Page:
Development of the Parent-Rated Anxiety Scale for Youth With Autism Spectrum Disorder

Lawrence Scahill, Luc Lecavalier, Robert T. Schultz, Andrea Nichole Evans, Brenna Maddox, Jill Pritchett, John Herrington, S. Gillespie, Judith Miller, R. Toby Amoss, Michael G. Aman, K. Bearss, Kenneth Gadow, Michael C. Edwards

Research output: Contribution to journalArticlepeer-review

72 Scopus citations


Objective: Anxiety is common in youth with autism spectrum disorder (ASD). There is no accepted outcome measure for anxiety in this population. Method: Following a series of focus groups with parents of youth with ASD, we generated 72 items (scored 0−3). Parents of 990 youth with ASD (aged 5−17 years; 80.8% male) completed an online survey. Factor analysis and item response theory analyses reduced the content to a single factor with 25 items. Youth with at least mild anxiety (n = 116; aged 5−17 years; 79.3% male) participated in a comprehensive clinical assessment to evaluate the validity and reliability of the 25-item Parent-Rated Anxiety Scale for ASD (PRAS-ASD). Results: In the online sample, the mean PRAS-ASD score was 29.04 ± 14.9 (range, 0−75). The coefficient α was 0.93. The item response theory results indicated excellent reliability across a wide range of scores with low standard errors. In the clinical sample (n = 116), the PRAS-ASD mean was 31.0 ± 15.6 (range, 1−65). Pearson correlations with parent ratings of ASD symptom severity, repetitive behavior, and disruptive behavior ranged 0.33 to 0.66, supporting divergent validity of the PRAS-ASD. Pearson correlation with a parent-rated measure of anxiety used in the general pediatric population of 0.83 supported convergent validity. A total of 40 participants (32 boys, 8 girls; mean age, 11.9 ± 3.4 years) returned at time 2 (mean, 12.2 days) and time 3 (mean, 24.2 days). Intraclass correlation showed test−retest reliabilities of 0.88 and 0.86 at time 2 and time 3, respectively. Conclusion: The 25-item PRAS-ASD is a reliable and valid scale for measuring anxiety in youth with ASD.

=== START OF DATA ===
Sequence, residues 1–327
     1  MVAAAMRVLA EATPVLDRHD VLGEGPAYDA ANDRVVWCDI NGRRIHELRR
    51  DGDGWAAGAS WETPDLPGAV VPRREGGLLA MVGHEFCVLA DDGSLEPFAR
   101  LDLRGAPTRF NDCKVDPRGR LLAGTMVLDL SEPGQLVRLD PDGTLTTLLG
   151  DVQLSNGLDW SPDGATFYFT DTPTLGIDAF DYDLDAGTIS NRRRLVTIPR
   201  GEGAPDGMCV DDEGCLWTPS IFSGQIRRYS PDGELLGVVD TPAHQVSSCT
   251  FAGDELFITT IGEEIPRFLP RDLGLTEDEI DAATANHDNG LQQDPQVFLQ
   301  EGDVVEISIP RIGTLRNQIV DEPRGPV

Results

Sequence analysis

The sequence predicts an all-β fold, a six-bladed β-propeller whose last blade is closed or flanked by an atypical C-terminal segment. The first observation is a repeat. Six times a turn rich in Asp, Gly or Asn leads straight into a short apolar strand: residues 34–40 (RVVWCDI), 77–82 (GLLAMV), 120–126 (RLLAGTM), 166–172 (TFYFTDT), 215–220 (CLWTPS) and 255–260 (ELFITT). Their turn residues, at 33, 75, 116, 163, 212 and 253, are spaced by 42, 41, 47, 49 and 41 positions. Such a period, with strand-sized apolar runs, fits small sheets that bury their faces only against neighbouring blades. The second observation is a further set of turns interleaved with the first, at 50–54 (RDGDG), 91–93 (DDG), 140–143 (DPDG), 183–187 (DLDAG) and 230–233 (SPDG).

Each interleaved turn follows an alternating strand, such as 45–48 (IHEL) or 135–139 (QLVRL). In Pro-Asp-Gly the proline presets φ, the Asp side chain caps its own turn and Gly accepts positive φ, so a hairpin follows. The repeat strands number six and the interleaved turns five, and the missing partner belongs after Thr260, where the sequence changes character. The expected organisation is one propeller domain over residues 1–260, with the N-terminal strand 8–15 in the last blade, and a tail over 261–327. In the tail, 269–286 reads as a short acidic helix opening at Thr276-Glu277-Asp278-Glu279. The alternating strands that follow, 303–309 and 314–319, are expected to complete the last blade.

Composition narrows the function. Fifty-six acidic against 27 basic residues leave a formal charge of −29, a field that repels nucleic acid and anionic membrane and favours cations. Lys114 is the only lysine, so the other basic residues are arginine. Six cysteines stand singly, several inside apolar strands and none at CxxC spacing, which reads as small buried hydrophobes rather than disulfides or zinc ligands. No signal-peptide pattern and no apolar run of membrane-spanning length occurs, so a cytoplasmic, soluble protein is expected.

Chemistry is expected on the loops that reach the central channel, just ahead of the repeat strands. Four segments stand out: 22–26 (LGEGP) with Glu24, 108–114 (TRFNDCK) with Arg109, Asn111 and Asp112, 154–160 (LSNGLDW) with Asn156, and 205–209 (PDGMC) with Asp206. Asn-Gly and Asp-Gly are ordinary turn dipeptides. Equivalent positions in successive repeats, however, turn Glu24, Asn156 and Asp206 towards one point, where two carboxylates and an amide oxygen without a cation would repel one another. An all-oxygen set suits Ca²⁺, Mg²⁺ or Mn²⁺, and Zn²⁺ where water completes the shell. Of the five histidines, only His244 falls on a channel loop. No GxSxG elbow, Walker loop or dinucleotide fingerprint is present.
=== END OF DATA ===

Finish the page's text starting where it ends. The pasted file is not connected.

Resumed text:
Original languageEnglish (US)
Pages (from-to)887-896.e2
JournalJournal of the American Academy of Child and Adolescent Psychiatry
Issue number9
StatePublished - Sep 2019


  • anxiety
  • autism
  • outcome measurement

ASJC Scopus subject areas

  • Developmental and Educational Psychology
  • Psychiatry and Mental health


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